Dates: Using This Sweet SuperFood in Ways You Never Expected
There are many alternative sweeteners out there but how many of them provide you with fiber, protein, vitamins and minerals? We already know that honey, a SuperFood, makes for a great sugar replacement, but did you ever consider the more obscure SuperFood, the date?
Each date has a 1/2 gram of fiber. Yes, just one date! It also contains a modest amount of potassium, protein, iron, phosphorous, and magnesium. The benefits of this often neglected fruit aside, dates are sweet, delicious, and they are a great source of energy. This is why they are perfect for using in place of sugar. It’s also why dates are the perfect food when it comes to breaking fast during Ramadan for millions of Muslims worldwide.
Obviously, you don’t have to be Muslim to appreciate the flavor, texture and benefits of dates, but it’s worth considering how people from various countries use dates in cookies, cakes, rice dishes, couscous and other savory meals. And don’t forget how amazing they are, plain and uncooked, for a sweet boost of energy. Some are more tart than other varieties and can be eaten before ripeness. Others are sweeter and make for perfect sugar replacements. Plus, unlike other fruit dates keep for years, which is why they’ve remained a staple in the diets of many nomadic tribes.
The date is one of the oldest cultivated crops in the world. It is also a symbol of hospitality, rest and peace in the Middle East. This is the food that brings together all the different people from that region, especially during Ramadan, when barely observant Muslims as well as the very religious all indulge in dates. It is said that the prophet Mohammad always broke his own fast with water and dates, so many religious Muslims are careful to follow suit exactly as explained in the hadith (a sacred record of Mohammad’s sayings). So millions of people eat dates more than ever around the same time, all around the world, even though each country has its own name for the SuperFood. The date is called balah in Arabic; khajoor in Urdu; hurmah in Turkish; or buah tanggal in Indonesian. In Iran, where dates are called khormah, ranginak is a Persian cake made of dates cooked with cinnamon and cardamom and layered with walnuts. No sugar necessary in most recipes: It’s all in the dates!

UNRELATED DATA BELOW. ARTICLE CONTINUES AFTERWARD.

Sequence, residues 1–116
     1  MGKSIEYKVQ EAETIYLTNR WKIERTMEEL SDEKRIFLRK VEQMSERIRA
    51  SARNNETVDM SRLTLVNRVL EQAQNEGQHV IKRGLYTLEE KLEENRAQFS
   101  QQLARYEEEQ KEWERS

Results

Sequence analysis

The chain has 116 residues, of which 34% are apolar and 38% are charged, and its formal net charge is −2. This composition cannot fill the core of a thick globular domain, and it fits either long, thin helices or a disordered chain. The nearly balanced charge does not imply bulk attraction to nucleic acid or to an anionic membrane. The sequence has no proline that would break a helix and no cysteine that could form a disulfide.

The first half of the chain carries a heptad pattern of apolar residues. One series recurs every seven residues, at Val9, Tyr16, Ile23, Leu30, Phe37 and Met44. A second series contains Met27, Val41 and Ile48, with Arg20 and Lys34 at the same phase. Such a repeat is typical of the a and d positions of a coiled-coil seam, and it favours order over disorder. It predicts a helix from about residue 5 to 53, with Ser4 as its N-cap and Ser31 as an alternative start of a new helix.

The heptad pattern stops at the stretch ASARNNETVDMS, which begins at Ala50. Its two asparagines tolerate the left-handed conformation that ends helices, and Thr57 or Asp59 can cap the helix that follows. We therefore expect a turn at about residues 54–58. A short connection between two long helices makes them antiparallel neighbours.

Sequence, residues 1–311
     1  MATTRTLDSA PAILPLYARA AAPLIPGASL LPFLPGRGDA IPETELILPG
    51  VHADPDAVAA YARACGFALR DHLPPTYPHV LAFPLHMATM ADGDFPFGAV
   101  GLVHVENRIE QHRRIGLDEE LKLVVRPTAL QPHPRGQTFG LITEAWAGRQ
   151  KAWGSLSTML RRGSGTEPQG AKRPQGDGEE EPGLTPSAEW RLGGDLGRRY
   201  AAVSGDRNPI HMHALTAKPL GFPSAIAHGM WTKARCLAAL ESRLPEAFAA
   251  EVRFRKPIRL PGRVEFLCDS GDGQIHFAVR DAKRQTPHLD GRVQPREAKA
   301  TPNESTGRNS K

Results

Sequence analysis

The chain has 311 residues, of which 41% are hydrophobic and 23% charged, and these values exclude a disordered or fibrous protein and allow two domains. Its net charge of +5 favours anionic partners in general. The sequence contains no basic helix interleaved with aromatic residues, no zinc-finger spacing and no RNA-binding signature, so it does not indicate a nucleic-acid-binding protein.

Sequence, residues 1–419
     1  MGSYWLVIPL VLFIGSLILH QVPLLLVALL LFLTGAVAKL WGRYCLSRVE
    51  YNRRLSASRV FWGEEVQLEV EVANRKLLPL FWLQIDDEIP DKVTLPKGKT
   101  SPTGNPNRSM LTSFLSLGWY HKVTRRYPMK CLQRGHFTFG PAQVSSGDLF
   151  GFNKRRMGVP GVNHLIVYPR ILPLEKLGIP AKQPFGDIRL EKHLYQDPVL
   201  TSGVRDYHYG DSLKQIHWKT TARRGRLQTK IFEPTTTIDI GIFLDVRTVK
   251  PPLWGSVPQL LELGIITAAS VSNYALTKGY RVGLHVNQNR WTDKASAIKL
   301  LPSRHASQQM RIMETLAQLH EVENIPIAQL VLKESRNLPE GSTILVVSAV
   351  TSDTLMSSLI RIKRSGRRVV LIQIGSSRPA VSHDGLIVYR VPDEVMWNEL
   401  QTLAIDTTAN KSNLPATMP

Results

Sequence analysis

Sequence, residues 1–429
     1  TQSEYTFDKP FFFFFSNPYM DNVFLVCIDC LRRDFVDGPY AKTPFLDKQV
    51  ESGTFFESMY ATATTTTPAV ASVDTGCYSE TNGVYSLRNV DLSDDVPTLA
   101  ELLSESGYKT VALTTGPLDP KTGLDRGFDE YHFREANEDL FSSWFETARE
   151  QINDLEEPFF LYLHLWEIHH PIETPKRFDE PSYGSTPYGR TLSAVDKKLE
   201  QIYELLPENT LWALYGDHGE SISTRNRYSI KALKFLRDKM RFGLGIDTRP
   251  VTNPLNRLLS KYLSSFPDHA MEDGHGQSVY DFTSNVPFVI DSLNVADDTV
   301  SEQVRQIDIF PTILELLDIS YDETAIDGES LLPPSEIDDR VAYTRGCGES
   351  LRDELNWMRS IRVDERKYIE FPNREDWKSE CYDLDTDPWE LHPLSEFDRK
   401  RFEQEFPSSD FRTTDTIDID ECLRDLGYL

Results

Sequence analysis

Interestingly, the date is also mentioned in the Bible and other ancient texts. New to the U.S however, the Department of Agriculture had date palms shipped here 100 years ago, in an effort to turn the arid regions of the Southwest into fruit yielding fields. And it worked, because dates are drought-resistant. Currently, date harvests are plentiful in California’s Coachella Valley and the area around Yuma, Arizona.
There are three basic types of dates: soft (barhi, halawi, khadrawi and medjool are the most common), semi-dry (like the deglet noor and zahidi), and dry (like thoori). There are thousands of variations around the world, however. Unfortunately, the date we most commonly see in supermarkets (the deglet noor) is not necessarily the tastiest or juiciest. Shop around online or in specialty stores that often cater to Middle Easterners to find out which you like best and which works best for the recipes you have in mind.
You can food process dates with pecans or other nuts to make delicious crust for pies and tarts. You can also blend them with raw cashews or other nuts and lemon juice to make a non-dairy parfait. Or just blend them into any smoothie for extra sweetness without all the guilt.
Enjoy the date!
Source: The New York Times